The Festival of Shavuot, which begins after Shabbat this Saturday night – we begin a new book of the Torah with parashat BaMidbar on Shabbat morning – is one of the Shalosh Regalim, one of the three main pilgrimage festivals. It comes at the end of the seven-times-seven (a “week of weeks”) cycle of the Omer, which began on the second day of Pesach. The name “Shavuot” itself means “weeks”.
The Festival of Shavuot is something of an oddity. Not only is it not assigned to a specific date, but there is no real explanation given in the Torah as to the meaning of the day. In Biblical times, the period of counting seven weeks marked the transition from the first grain crop (barley) of early spring (at Pesach) to the beginning of the summer grain (wheat) harvest (at Shavuot). Thus, names for this holiday – in addition to “Shavuot” – given in the Torah are Chag Ha-Katzir – the Festival of the Harvest – and Chag Ha-Bikkurim – the Festival of the First Fruits [Exodus 23:14-19; Leviticus 23:9-22].
Just as Pesach and Sukkot both have historical associations though, so too does Shavuot: Pesach commemorates our liberation from Egyptian bondage and Sukkot recalls our ancestors’ experience of dwelling in sukkot while wandering in the wilderness for 40 years. Our ancestors found themselves at the foot of Mount Sinai 50 days after leaving Egypt – exactly on Shavuot!- receiving the revelation of God’s teachings about what to do with their new-found freedom.
Our tradition therefore also refers to Shavuot as Z’man Matan Torateinu – The Time of the Giving of our Torah. As the anniversary of revelation, Shavuot evolved into a celebration of Torah. In the synagogue, the account of the revelation at Sinai and the Ten Commandments are read as part of the service.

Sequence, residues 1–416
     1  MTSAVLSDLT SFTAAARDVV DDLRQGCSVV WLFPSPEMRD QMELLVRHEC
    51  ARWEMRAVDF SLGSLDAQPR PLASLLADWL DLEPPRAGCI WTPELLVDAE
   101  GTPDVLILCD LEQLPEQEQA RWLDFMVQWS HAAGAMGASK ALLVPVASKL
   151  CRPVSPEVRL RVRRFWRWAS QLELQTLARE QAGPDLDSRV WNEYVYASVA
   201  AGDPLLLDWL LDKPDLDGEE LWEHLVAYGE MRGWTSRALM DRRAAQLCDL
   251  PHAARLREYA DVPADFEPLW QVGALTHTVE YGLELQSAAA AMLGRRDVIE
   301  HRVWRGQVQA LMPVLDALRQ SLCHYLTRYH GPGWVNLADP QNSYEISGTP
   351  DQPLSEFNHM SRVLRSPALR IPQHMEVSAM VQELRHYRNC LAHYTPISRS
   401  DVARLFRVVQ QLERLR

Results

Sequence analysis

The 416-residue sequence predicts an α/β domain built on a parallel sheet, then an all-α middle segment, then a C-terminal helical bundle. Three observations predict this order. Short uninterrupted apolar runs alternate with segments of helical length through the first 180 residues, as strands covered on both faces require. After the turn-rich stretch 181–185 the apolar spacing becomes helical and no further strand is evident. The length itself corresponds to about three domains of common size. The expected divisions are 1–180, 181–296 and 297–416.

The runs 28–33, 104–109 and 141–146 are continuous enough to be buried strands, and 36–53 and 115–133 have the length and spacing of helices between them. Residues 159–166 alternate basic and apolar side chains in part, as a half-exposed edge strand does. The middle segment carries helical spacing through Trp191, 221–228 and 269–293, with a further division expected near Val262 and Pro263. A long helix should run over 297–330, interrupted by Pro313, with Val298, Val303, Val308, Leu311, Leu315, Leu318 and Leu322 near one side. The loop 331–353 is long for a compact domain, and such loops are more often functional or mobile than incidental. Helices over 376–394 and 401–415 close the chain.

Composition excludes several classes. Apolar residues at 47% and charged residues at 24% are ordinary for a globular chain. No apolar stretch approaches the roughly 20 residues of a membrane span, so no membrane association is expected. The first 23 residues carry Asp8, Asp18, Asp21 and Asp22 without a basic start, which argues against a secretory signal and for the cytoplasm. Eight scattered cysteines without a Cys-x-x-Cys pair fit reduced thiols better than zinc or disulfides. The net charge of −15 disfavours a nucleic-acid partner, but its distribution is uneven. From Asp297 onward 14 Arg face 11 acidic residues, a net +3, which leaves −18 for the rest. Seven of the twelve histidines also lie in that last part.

A popular custom, which originated with the Jewish mystics in Safed in the sixteenth century, is the practice of staying up all through the night of Shavuot studying Torah. This practice, called a Tikkun Leil Shavuot is based on a Midrashic legend that the Israelites slept late on the morning of the revelation at Sinai, and thus almost missed the giving of Torah. Apparently, God had to sound a shofar blast and bring thunder and lightning to wake them up! Another explanation is that receiving the Torah at Sinai was like a marriage between God and the Jewish people – with Moses as matchmaker and the Torah as the ketubah marriage certificate. Like an anxious bride or groom, we have trouble falling asleep the night before our wedding! By staying up all night, we atone for the lapse of our ancestors and demonstrate our eagerness to recommit ourselves again to Torah, and we symbolically prepare ourselves as we learn Torah to review the highlights of our sacred relationship.